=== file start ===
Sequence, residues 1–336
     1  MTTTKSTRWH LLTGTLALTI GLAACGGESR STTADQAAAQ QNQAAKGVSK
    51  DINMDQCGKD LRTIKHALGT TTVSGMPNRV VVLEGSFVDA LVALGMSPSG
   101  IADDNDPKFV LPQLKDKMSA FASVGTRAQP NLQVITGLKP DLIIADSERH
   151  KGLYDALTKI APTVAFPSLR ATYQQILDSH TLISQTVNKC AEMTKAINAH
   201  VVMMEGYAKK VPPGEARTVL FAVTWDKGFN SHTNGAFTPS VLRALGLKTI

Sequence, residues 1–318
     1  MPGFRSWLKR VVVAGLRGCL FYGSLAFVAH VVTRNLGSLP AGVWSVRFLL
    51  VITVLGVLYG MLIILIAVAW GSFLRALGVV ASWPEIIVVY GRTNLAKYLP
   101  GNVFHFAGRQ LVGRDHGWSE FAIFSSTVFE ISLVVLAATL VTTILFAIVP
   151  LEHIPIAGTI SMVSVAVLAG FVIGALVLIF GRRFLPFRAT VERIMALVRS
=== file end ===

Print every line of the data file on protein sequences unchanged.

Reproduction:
Sequence, residues 1–336
     1  MTTTKSTRWH LLTGTLALTI GLAACGGESR STTADQAAAQ QNQAAKGVSK
    51  DINMDQCGKD LRTIKHALGT TTVSGMPNRV VVLEGSFVDA LVALGMSPSG
   101  IADDNDPKFV LPQLKDKMSA FASVGTRAQP NLQVITGLKP DLIIADSERH
   151  KGLYDALTKI APTVAFPSLR ATYQQILDSH TLISQTVNKC AEMTKAINAH
   201  VVMMEGYAKK VPPGEARTVL FAVTWDKGFN SHTNGAFTPS VLRALGLKTI

Sequence, residues 1–318
     1  MPGFRSWLKR VVVAGLRGCL FYGSLAFVAH VVTRNLGSLP AGVWSVRFLL
    51  VITVLGVLYG MLIILIAVAW GSFLRALGVV ASWPEIIVVY GRTNLAKYLP
   101  GNVFHFAGRQ LVGRDHGWSE FAIFSSTVFE ISLVVLAATL VTTILFAIVP
   151  LEHIPIAGTI SMVSVAVLAG FVIGALVLIF GRRFLPFRAT VERIMALVRS